Propionic acid (or an effective organic acid mixture) when applied at rates of 1 to 2% of hay weight, normally reduces mold growth and heating. To reduce corrosion of equipment, buffered acid products have largely replaced the straight acids. Acid treatment reduces storage loss during the first few months of storage, but the loss remains higher than that in dry hay. Acid-treated hay remains moister throughout storage maintaining a little higher level of microbial activity. Over a 6-month storage period, the loss in acid-treated hay catches up, providing little difference in dry matter and nutrient losses between treated and untreated high-moisture hays. When compared to dry hay, acid-treated damp hay is often higher in fiber content and less green in color. Treated hay will contain more moisture increasing bale weight and providing more supple hay.
Bacterial inoculants are sometimes applied to hay. Inoculation with a few strains of Lactobacillus have shown little effect on mold, color, heating, DM loss, and quality change in high-moisture hay. Products containing Bacillus bacteria are better suited to the aerobic hay environment, but there is still little scientific evidence that they can provide substantial improvement in preserving moist hay.
Based upon the scientific information available on chemical and biological treatments, my recommendation is to bale dry hay whenever possible. When moist hay is baled, organic acid treatments can provide a relatively safe method for insuring against excessive heating and browning of hay.
For the commercial hay producer, high quality hay is important every time hay is made. When hay quality suffers for any of the above reasons, the economic value of the hay decreases and this affects farm profit. Thus, commercial hay production requires good management always, and techniques for assuring quality may be more cost effective than they would be for the livestock producer.
When hay is produced for on-farm use in feeding beef cattle and even dairy cattle, forage quality can be less important. This assumes though that good management is used to feed the highest quality forage to
the animals that require that quality. For dairy animals in early lactation, the highest quality forage is needed to maximize their intake. Maximizing intake during this crucial stage will allow animals to peak their production at a high level. Thus, the value of forage quality cannot be overestimated for these animals. For other animals, including those in the last half of their lactation, early dry cows and yearling heifers, forage quality is less critical.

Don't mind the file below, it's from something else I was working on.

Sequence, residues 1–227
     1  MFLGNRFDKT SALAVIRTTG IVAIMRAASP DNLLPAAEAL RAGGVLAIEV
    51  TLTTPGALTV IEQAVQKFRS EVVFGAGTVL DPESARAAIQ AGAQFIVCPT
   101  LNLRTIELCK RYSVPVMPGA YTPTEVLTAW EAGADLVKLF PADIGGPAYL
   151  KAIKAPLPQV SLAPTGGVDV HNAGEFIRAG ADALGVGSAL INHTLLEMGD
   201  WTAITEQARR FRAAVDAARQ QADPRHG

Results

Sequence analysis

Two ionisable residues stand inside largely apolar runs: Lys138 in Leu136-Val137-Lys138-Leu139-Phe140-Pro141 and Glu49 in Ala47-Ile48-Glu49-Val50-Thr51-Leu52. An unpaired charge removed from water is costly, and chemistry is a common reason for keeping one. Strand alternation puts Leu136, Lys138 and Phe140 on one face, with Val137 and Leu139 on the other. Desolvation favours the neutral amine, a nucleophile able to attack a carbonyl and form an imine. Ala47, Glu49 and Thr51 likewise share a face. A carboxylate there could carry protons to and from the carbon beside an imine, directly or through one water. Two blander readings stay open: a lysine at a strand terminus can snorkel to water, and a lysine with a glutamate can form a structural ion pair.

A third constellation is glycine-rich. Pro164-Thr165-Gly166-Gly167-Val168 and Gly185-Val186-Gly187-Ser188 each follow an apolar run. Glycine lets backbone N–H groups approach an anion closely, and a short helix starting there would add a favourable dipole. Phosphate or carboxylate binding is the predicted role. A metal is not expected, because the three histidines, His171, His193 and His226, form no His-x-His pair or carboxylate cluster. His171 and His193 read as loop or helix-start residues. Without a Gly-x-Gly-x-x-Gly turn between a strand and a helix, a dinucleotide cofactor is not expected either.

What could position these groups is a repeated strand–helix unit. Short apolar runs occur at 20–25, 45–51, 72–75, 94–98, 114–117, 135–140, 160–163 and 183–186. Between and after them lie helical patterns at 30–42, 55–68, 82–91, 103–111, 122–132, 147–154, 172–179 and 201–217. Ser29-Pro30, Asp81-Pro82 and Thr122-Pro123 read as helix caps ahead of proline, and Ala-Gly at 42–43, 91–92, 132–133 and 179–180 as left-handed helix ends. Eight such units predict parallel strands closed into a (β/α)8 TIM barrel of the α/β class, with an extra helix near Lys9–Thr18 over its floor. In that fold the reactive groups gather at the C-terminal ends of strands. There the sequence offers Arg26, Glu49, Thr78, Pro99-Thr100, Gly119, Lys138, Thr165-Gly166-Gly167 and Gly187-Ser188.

Thus, producers that are feeding animals must focus on producing or buying the best forage they can obtain for their critical groups while reserving lower quality forage for other animals. This means that only one-fourth to one-third of the total forage needed on dairy farms must be of this highest quality. In beef operations, the requirement for high quality forage is even less. For the dairy producer that keeps this in mind, producing high quality forage will be a less stressful process. Concentrate on making some of the best forage you can and feeding it appropriately, and do not worry about the times you fail. Some lower quality forage can also be used quite effectively on the farm.
Rapid field curing is important and a good mechanical conditioner can help. Spread hay in wide swaths to further speed drying, but avoid very thin swaths to reduce raking loss.
Tedding may be useful in drying grass crops, but it should be avoided with alfalfa, particularly after the crop has partially dried.
Bale hay at about 18% moisture in low-density bales, but use a lower moisture content for high-density large bales.
Avoid routine baling of high moisture hay. When damp hay is baled, use an organic acid based treatment to help preserve hay.
Remember that on the dairy farm, only about one third of the forage needs to be of the highest quality when that forage is segregated by quality and fed to animal groups accordingly.
Rotz, C.A. and R.E. Muck. 1994. Changes in Forage Quality during Harvest and Storage. In: Forage Quality, Evaluation, and Utilization, Eds. G.C. Fahey, Jr. et al. Am. Soc. Agron., Madison, WI. pp. 828-868.
Rotz, C.A. 1995. Field Curing of Forages. In: Post-Harvest Physiology and Preservation of Forages. CSSA Special Publication no. 22. Crop Sci. Soc. Agron. and Am. Soc. Agron., Madison, WI. pp. 39-65.